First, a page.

Hi, or rather Bonjour.
I’ve been living in France for more than 25 years now.
Living and working every day with French speaking people.
My sons are both French, the youngest is 14 and the oldest has just turned 18 and is awaiting the results of the famous “Bac” exams.
We live in the countryside, in a small farming village with about 120 inhabitants. A very typical village with mainly old houses and barns, no pavements, no stop signs on the road and the street lights are turned off by the mayor before midnight.
Basically, I never speak English, as there are no English speakers in the village. I would say that my spoken French is very fluent, although I do admit that I have difficulty with the spelling and conjugation.
On a daily basis, when I’m dealing with people who do not know me, they assume that I am a French native, not that I pretend to be one. We can talk about this and that, politics, sports, gardening and many subjects.
Then suddenly… I will pronounce a word.
Continue reading My favorite impossible French words
My wonderful friend Ginnie has often talked about her mother’s life in France. Having just returned from a visit there, this is what she had to say:
My mother took early retirement from her teaching career in London, and moved to a beautiful, old farmhouse in South-West France’s Anglars Nozac commune (in the Lot region) about seven years ago. My first thoughts on learning of her intended relocation were:
- a) Oh no… one grandparent less to fulfil regular babysitting duties for my then toddler son, Oscar!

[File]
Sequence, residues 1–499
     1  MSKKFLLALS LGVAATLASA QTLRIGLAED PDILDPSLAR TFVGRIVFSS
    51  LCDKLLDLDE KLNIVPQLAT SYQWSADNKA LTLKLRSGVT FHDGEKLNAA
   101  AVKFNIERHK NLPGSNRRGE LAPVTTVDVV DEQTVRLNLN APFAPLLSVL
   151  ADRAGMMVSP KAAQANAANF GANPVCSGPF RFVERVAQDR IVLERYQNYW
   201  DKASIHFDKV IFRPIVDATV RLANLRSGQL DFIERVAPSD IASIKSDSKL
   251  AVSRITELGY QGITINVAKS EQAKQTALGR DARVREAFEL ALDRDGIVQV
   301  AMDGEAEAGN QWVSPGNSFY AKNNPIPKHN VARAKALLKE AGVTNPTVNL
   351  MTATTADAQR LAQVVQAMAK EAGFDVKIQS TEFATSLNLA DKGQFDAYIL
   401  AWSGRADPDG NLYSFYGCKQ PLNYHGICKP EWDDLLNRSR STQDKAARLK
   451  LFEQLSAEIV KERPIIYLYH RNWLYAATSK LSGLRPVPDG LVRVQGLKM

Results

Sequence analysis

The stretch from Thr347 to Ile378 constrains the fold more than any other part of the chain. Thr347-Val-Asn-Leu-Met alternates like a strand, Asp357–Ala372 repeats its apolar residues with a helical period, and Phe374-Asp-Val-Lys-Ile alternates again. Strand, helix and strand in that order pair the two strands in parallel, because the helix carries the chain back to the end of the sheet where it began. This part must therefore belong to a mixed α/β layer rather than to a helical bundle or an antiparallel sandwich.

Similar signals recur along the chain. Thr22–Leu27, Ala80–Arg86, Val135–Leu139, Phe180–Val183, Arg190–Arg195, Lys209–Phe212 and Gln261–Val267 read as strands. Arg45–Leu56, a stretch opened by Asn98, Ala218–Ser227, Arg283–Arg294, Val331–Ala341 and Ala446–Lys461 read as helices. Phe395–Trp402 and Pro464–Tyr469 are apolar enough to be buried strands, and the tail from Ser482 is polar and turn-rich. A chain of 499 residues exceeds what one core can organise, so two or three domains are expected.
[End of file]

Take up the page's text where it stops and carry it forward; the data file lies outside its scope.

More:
- b) Fantastic! Oscar and I will benefit from cheap and glorious holidays with a granny/mother who having always been somewhat of a Francophile, would soon be in her element; happy, relaxed, surrounded by gorgeous countryside and enjoying a language and culture she has always loved.
- c) I must learn French!
Continue reading Benefits Arising from having a Mother Living in France
Let’s have a quick look at three French words, with different spelling and different meanings, but to the unaccustomed ear, they sound very similar and can lead to confusion.
Toi, trois & toit
Toi which means “you” or “yourself”
Trois which is the number “three”
Toit which means “roof”
The best way to avoid confusion is to understand the context of the phrase where these words are being used. If you practice and listen to the French language, you will eventually be able to notice the difference in the pronunciation of these words.
Here are some other examples where words have the same sound but different spelling:
- Moi and mois, which mean me and month
- Soi and soie, self and silk
- Pois and poids which gives peas and weight
Another example where French comprehension can but difficult is with the words Dessus and Dessous.
Dessus means on or on top of
whilst the opposite is
Dessous means under, beneath, or below
There is also very little difference in the pronunciation of both of these words; so you must really lend an ear and listen.
An excellent method in practicing your French and overcoming the problem of comprehension and vocabulary is to use “Audio-comparative” exercises. I strongly recommend using the French 4U language course, which is available on the Internet and offer such exercises as part of the language program. You can test the demo course now and learn French.
Web site French language course